Last month, in conjunction with the 11th annual World Autism Awareness Day , the Indian Health Service (IHS) hosted the Autism Awareness Interagency Roundtable. Partners across the U.S. Department of Health and Human Services , to include IHS, came together to showcase the significant efforts to increase awareness and provide necessary services and supports to children with Autism Spectrum Disorder (ASD) and their families. The exciting collaborative efforts of ECHO Autism and the Navajo Nation were shared during the roundtable discussion.
Adapted from the Project Extension for Community Healthcare Outcomes (Project ECHO) framework developed at the University of New Mexico, the ECHO Autism model was developed at the University of Missouri by Drs. Kristin Sohl and Micah Mazurek. Supported by the Autism Speaks Autism Treatment Network (ATN) and the Health Resources and Services Administration’s/ Autism Intervention Research Network on Physical Health (AIR-P), ECHO Autism uses video conferencing technology to connect primary care providers (PCPs) from rural communities to an interdisciplinary team of autism experts). Results of a six-month pilot indicated significant improvements in PCP self-efficacy and increased use of autism screening tools and resources. More recently, the ECHO Autism model has expanded and now includes a pilot project, the ECHO Autism: Screening Tool for Autism in Toddlers and Young Children (STAT). This innovative model allows PCPs to present cases of young children at highest risk for ASD for diagnostic verification to the expert hub team. Providers present results from the interactive screening assessment, STAT, in combination with medical and developmental information. With diagnostic verification from the hub team, providers have diagnosed young children faster, bypassing lengthy waiting lists at university diagnostic centers. The faster diagnosis then allows children to access intervention services at earlier ages which have been shown to improve developmental outcomes.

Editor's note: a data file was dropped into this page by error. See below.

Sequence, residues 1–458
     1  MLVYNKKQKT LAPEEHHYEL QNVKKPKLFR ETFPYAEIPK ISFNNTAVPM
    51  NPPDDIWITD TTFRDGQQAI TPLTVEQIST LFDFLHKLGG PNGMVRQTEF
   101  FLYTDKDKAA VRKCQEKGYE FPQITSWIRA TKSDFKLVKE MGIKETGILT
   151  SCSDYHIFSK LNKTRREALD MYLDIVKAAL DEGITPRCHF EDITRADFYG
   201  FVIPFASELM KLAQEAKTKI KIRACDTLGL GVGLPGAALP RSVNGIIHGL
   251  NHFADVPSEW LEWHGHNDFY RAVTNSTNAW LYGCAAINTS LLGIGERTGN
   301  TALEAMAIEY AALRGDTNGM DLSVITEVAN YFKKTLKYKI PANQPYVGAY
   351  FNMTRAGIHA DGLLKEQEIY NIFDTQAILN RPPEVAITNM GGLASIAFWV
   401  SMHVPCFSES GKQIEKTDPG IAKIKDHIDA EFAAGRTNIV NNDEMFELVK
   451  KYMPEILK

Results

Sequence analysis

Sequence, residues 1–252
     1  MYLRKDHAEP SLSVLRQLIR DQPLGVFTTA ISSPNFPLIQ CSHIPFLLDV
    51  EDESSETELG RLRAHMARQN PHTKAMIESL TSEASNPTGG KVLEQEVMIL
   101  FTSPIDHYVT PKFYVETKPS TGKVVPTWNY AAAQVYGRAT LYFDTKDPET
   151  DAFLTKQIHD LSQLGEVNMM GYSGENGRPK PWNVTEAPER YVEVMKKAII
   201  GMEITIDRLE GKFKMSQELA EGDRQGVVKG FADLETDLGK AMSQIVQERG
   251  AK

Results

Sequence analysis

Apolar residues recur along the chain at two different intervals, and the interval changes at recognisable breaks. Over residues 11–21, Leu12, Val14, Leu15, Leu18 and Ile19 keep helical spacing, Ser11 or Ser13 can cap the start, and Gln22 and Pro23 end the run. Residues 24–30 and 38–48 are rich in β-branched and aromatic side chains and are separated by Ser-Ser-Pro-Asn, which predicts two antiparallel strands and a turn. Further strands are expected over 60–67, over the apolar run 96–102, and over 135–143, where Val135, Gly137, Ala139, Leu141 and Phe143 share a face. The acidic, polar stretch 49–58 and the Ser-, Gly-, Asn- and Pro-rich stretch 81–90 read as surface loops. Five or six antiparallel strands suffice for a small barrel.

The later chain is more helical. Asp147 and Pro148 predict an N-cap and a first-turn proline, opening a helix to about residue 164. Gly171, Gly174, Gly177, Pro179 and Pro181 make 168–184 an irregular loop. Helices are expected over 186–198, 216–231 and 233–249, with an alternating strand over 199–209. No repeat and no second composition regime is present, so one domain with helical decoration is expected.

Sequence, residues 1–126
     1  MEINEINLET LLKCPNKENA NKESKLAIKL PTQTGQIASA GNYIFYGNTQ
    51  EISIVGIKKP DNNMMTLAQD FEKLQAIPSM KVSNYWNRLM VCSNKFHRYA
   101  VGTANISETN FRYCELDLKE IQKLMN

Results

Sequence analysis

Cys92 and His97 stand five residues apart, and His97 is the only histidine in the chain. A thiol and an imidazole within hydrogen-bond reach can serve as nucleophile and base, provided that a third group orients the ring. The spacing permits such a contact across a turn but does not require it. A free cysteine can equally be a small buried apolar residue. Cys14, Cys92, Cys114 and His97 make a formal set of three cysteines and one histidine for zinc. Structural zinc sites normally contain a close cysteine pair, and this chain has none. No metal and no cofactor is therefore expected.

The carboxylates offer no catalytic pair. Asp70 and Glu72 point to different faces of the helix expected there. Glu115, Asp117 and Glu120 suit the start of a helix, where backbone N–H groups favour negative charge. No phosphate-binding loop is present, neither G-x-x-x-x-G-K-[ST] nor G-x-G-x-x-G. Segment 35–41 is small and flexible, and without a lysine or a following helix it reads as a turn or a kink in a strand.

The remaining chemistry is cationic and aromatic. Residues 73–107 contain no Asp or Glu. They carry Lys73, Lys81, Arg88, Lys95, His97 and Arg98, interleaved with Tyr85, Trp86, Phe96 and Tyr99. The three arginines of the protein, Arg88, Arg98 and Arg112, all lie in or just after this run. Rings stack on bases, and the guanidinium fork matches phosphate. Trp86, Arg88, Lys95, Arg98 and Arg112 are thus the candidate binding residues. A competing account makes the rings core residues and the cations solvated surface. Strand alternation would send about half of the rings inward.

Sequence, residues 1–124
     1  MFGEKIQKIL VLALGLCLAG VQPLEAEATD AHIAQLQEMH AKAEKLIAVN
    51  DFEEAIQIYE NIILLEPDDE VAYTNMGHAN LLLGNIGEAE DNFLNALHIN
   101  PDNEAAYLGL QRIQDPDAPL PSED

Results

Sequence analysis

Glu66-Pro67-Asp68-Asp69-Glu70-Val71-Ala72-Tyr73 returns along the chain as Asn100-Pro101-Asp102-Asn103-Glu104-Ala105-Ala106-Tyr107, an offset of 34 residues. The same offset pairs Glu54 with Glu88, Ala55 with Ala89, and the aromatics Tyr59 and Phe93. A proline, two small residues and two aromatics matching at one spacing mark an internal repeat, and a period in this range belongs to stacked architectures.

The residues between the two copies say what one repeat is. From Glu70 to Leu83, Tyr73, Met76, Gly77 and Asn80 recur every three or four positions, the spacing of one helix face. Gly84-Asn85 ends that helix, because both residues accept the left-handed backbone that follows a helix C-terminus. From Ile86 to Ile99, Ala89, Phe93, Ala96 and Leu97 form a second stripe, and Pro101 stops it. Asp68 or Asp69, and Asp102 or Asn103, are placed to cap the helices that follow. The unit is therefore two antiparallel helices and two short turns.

Through collaborations with AIR-P, a variation on the ECHO Autism STAT model expanded to providers on the Navajo Nation. Our collaboration began in January 2017, after the former President of the American Academy of Pediatrics (AAP), James Perrin, MD, identified the need for autism identification and diagnosis in rural communities. Dr. Perrin connected established ECHO partners with several Navajo Area pediatricians to investigate local interest in beginning an ECHO Autism clinic through collaborations with the University of Missouri, University of New Mexico, and the Navajo Nation pediatric providers. We held our initial two-day training meeting in Chinle, Arizona, and were joined by 15 IHS providers from several Navajo Area medical facilities. We provided initial training on symptoms of ASD, followed by a STAT training and overview of the ECHO Autism project. Beginning in April 2017, we began hosting ECHO Autism clinics, which included case presentations and didactic sessions to increase broad understanding of the diverse presentations of autism, medical and behavioral co-occurring conditions that are often associated with the diagnosis, as well as explaining the often confusing myriad of therapies and services that exist in educational and community settings. Providers are now using the STAT in their practices to better understand symptoms in young children and make informed referrals for comprehensive diagnostic evaluations.
We have been incredibly fortunate to learn from our collaborations about the cultural traditions and rural factors that influence child development and health care practices. We look forward to continuing our work with providers across Navajo Nation and increasing the reach of ECHO Autism, including the expansion of the ECHO Autism STAT diagnostic model to expedite access to diagnostic evaluations.
This project is supported by the Health Resources and Services Administration (HRSA) of the U.S. Department of Health and Human Services (HHS) under cooperative agreement UA3 MC11054 – Autism Intervention Research Network on Physical Health. This information or content and conclusions are those of the author and should not be construed as the official position or policy of, nor should any endorsements be inferred by HRSA, HHS or the U.S. Government.